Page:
Filling out a profile isn’t difficult, but there are some important best practices you should follow to make sure yours is as powerful as possible:
*Start with a professional photo. If you don’t have a professional head-shot, add that to your to-do list, and go with the cleanest, most professional looking snapshot you have — and upgrade as soon as possible. And smile! Remember: That photo may be your first impression with a potential employer.
*Make your headline stand out. By default, LinkedIn populates your headline with your job title and current company, but you don’t have to leave it that way. Consider listing your specialty and speaking directly to your audience. If you want your profile to be searchable, include important keywords; if that’s not as big of a concern for you, consider getting away from industry jargon to stand out. Try to keep your headline to about 10 words.
*Fill out the “summary” field with 5–6 of your biggest achievements. Use bullets to make this easy to read. Think about your target reader and then paint a picture of how you can make that person’s life easier. You can also add media files, including videos, so if you are a speaker or presenter, an introduction video could be a great idea.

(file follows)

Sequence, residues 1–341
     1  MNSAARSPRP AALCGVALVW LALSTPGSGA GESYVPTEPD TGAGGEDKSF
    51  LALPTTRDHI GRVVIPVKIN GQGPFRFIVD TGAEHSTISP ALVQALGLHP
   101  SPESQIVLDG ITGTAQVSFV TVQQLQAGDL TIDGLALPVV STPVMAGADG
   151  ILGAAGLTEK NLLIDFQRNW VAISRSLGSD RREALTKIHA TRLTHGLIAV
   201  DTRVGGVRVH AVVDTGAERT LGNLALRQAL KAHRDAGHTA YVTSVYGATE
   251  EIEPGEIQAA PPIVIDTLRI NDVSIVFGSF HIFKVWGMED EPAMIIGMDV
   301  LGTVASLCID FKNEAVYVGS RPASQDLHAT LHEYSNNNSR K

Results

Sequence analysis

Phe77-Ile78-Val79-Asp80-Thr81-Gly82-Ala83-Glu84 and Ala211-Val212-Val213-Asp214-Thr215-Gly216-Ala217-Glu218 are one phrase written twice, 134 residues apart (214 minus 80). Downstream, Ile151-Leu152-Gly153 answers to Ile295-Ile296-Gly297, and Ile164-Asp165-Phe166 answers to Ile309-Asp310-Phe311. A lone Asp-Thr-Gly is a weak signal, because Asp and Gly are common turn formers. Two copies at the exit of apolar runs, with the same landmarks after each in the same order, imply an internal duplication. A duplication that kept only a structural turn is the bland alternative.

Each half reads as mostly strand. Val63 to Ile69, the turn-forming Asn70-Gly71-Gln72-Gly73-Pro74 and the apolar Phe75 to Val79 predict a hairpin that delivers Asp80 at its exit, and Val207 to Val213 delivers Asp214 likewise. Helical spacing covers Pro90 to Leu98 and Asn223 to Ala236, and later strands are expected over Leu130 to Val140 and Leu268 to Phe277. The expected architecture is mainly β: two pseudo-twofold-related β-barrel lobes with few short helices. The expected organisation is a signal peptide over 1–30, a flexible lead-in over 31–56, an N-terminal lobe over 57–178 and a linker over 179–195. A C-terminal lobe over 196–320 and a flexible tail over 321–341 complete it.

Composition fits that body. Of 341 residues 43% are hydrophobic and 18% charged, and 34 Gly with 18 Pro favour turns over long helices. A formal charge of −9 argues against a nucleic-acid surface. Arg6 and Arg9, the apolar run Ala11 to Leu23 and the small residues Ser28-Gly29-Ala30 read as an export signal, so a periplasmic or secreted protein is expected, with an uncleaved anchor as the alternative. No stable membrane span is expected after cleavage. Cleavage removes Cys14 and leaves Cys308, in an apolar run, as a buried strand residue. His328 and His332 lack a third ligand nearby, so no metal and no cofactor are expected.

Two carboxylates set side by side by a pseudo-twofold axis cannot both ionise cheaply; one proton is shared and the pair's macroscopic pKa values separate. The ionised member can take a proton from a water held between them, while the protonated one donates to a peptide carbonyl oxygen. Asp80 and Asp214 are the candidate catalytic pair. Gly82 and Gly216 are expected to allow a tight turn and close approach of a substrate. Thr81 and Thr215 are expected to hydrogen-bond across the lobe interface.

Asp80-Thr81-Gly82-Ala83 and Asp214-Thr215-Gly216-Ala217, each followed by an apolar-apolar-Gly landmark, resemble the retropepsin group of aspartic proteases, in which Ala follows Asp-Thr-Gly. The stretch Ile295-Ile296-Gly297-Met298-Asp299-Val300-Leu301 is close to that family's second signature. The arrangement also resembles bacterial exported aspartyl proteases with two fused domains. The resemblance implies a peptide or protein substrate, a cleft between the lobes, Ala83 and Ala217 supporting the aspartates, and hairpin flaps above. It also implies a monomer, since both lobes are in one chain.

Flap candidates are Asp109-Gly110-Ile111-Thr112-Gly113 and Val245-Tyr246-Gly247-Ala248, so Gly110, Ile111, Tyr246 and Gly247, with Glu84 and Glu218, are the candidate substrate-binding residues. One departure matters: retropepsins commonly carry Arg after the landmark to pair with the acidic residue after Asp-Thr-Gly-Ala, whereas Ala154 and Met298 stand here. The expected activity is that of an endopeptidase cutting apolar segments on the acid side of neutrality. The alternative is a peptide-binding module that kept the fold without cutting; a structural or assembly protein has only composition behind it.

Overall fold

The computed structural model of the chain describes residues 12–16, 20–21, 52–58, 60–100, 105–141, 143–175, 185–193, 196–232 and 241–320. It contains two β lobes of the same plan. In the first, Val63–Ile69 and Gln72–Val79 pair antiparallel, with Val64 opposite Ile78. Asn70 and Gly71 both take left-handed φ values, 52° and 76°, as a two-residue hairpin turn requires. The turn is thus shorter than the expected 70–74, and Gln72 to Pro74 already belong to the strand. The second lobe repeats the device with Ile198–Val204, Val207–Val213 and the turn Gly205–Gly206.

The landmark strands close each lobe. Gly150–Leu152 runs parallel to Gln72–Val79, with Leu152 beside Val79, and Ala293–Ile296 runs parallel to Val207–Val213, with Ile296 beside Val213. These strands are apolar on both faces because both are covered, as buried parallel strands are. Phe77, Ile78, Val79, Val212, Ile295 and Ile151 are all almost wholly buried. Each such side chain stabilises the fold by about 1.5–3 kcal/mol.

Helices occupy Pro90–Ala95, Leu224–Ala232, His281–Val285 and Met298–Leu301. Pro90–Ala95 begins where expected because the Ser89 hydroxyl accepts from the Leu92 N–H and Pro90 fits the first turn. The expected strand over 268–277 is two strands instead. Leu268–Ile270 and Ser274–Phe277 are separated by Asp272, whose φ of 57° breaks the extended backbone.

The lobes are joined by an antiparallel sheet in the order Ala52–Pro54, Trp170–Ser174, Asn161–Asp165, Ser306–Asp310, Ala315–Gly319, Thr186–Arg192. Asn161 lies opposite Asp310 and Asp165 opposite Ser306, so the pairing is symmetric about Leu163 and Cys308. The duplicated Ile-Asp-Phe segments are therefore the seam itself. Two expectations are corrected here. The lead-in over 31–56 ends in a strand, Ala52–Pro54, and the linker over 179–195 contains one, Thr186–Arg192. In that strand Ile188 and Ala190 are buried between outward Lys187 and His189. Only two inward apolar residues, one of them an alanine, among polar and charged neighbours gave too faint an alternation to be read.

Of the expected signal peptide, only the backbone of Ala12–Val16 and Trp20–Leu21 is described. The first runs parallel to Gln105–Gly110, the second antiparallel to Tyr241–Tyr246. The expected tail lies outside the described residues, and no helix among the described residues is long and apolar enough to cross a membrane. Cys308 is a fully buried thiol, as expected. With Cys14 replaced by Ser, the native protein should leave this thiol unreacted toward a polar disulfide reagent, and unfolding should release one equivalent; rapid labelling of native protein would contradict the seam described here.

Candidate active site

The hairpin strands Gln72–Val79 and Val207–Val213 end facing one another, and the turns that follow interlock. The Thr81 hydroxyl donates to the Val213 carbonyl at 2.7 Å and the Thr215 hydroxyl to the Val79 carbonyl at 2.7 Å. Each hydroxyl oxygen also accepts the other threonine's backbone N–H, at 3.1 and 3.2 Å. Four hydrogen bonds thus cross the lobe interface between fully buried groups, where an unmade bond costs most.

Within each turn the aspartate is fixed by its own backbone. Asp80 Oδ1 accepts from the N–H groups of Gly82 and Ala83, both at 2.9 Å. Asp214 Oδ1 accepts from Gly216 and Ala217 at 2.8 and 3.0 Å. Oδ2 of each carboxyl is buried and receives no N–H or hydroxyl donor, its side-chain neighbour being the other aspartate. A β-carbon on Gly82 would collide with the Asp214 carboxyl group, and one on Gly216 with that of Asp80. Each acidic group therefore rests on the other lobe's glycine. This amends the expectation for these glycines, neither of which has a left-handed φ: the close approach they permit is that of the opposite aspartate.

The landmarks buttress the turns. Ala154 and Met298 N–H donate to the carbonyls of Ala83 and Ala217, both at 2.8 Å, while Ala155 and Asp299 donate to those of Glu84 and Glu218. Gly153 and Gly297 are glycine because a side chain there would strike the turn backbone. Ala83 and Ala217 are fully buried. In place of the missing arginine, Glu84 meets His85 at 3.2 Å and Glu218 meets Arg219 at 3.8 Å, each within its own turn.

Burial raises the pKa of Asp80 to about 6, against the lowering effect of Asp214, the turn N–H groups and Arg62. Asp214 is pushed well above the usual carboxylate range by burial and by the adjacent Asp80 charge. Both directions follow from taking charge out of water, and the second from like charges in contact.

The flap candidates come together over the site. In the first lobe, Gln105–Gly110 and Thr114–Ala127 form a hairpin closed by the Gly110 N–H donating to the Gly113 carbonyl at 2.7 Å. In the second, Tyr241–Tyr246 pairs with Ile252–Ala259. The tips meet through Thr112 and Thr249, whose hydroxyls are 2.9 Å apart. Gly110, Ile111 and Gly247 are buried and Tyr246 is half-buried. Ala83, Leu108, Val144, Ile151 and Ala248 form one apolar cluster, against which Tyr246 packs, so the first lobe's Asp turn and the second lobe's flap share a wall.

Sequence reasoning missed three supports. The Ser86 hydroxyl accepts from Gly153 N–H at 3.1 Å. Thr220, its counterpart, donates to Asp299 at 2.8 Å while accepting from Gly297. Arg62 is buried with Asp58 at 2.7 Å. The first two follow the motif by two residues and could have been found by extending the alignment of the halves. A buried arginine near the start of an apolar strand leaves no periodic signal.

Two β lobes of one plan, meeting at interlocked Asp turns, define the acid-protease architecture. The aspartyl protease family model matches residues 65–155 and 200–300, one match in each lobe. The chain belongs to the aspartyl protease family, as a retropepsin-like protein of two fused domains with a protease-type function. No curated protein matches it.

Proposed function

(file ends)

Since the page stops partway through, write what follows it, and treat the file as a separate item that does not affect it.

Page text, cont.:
*Add images or documents to your experience. Did you know that you can add media files to your experience? It’s a great way to create a visual portfolio along with your standard resume information.
*Fill out as much of the profile as possible. That includes skills, volunteer associations, education, etc. This is the place to put all the interesting stuff that doesn’t fit on your resume, but paints you as a well rounded individual. One quick note: if your volunteer experience directly pertains to your job search, put it in as work history, so it’s up in the relevant section, not down at the bottom.
*Keep your work history relevant. You don’t need to list every single job you ever had. Instead, only list the jobs that are relevant to your current career goals.
Add links to relevant sites. If you have a work-related blog or online portfolio, make use of the three URLs you are allowed on your profile and link to it. Probably better to leave off the baby blog and cat videos, though. Use discretion.
*Ask for recommendations. Endorsements are great, but recommendations are the currency of the realm on LinkedIn. Reach out to past colleagues, managers, and associates and ask that they write you a recommendation.
Use status updates to share industry-relevant content. This can help show recruiters that you are focused and in-the-know in your industry.
Mewara Gajendra Choudhary